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February 10, 1998             SECTION TWO              vol 9, no. 29

WORLDWIDE NEWS & VIEWS with a Catholic slant



     VATICAN (CWN) -- Colonel Muammar Q'addafi has expressed interest in obtaining an audience with Pope John Paul II.

      The Libyan leader, whose country established diplomatic relations with the Holy See last year, told a reporter from the Italian newspaper La Stampa that relations are now "excellent," and that he hopes to capitalize on that amity by visiting with the Holy Father.

      The Holy See has argued against an international embargo on flights to Libya, in accordance with the consistent Vatican policy of opposition to embargos-- shown too in the statements that have been issued against embargos aimed at Iraq and Cuba.

     Meanwhile, The meeting between Russian President Boris Yeltsin and Pope John Paul II, scheduled to take place today, has already been the subject of a negative commentary from the leadership of the Russian Orthodox Church.

      The Moscow Patriarchate has slammed the door on suggestions that the Russian leader might help advance Catholic-Orthodox relations, paving the way for a long-awaited personal meeting between Pope John Paul II and Patriarch Alexei II. There will be no such meeting until Rome solves "the Uniate question," the Patriarchate announced. And moreover, the Orthodox leadership noted, President Yeltsin has no authority in religious affairs.

      Ilarioan Alfeveiev, the Orthodox secretary for external affairs, told reporters that a summit meeting was "impossible" as long as the Holy See does not fulfill the demands of the Russian Orthodox Church to curb the activities of Eastern-rite Catholics in Ukraine. Orthodox leaders in Ukraine-- who are closely allied with the Moscow Patriarchate-- have complained about the pleas of Ukrainian Catholics for the return of parishes confiscated during the Stalinist repression there.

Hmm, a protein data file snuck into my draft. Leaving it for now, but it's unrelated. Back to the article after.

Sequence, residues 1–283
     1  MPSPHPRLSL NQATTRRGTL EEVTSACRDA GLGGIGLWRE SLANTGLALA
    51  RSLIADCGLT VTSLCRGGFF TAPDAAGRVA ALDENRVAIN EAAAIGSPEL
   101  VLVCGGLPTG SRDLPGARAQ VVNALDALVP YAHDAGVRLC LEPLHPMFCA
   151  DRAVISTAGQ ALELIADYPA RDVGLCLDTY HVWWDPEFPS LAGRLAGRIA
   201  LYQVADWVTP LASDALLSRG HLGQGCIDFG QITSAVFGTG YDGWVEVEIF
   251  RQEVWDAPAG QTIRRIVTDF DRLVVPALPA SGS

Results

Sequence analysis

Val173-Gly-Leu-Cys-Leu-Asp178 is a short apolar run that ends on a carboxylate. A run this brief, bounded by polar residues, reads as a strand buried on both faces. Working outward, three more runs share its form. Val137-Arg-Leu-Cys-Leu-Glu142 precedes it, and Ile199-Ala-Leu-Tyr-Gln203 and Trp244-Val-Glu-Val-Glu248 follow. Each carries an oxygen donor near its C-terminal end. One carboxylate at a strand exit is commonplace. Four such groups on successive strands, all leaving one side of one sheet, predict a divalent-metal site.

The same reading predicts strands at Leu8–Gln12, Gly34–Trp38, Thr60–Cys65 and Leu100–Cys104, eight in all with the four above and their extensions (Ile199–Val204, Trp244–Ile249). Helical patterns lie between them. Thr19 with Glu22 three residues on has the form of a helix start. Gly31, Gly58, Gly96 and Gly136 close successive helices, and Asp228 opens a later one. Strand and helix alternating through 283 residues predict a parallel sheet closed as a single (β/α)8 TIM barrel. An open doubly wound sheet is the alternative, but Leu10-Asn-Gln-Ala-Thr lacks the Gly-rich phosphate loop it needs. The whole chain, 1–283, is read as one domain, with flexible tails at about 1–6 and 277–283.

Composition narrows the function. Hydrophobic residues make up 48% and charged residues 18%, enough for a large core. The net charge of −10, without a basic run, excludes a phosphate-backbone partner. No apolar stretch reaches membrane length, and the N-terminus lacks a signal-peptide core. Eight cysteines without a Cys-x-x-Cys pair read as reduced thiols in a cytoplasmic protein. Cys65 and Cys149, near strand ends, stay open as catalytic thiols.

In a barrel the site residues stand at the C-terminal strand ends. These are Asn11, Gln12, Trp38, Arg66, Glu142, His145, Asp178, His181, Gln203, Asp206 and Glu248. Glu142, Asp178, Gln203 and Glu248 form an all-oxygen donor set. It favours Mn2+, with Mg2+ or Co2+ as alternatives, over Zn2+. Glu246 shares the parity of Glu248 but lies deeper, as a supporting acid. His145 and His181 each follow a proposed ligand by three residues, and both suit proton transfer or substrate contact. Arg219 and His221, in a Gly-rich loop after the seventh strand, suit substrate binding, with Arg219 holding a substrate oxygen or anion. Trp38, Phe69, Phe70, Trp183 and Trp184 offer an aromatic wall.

In earlier statements which had been carried by the Italian press, Yeltsin had hinted that he might try to find an opening for dialogue between the Pope and the Russian Patriarch. The Orthodox spokesman made it clear that any such efforts would be made without support from the Orthodox Church.


     VATICAN (CWN) -- Pope John Paul II has once again given voice to his fears about the mounting tensions in the Persian Gulf, and has called upon all world leaders to renounce the use of military force as a solution.

      Speaking from the balcony of his apartment after his Angelus audience on Sunday, February 8, the Pope asked all international leaders to rely on "diplomatic instruments of dialogue" rather than resorting to force. He insisted that dialogue might still bear fruit. "I am convinced, " he said, "that the parties involved still might listen," and commit themselves to peace.

      The history of the Middle East proves that armed warfare never solves problems, the Pope continued. On the contrary, they "create greater divisions among peoples."

      "The Holy See can only encourage those who are involved to pursue negotiations, to avoid bellicose actions, and the support the way of peace," he concluded.


     (CWN) - In Perth, Australia the Australian state of Western Australia on Monday continued a recent string of indictments against doctors performing illegal abortions.

      Under Western Australia law, abortions may only be performed when the mother's life is in danger, and an illegal procurement carries a penalty of up to 14 years in prison. Dr. Victor Chan, who operates one of Perth's largest abortion clinics, and an unidentified anesthetist have been ordered to appear in court next week on the charges.

      Several doctors have been charged with performing illegal abortions in recent weeks marking a new period of strong enforcement of the law. The Australian Medical Association said they had been told by state officials that it was only a matter of time before someone was charged. The Catholic Doctors' Association estimates less than half of one per cent of the 9,500 abortions performed each year in Western Australia comply with the strict letter of the law which permits abortions only to save women's lives, even in cases of rape and incest.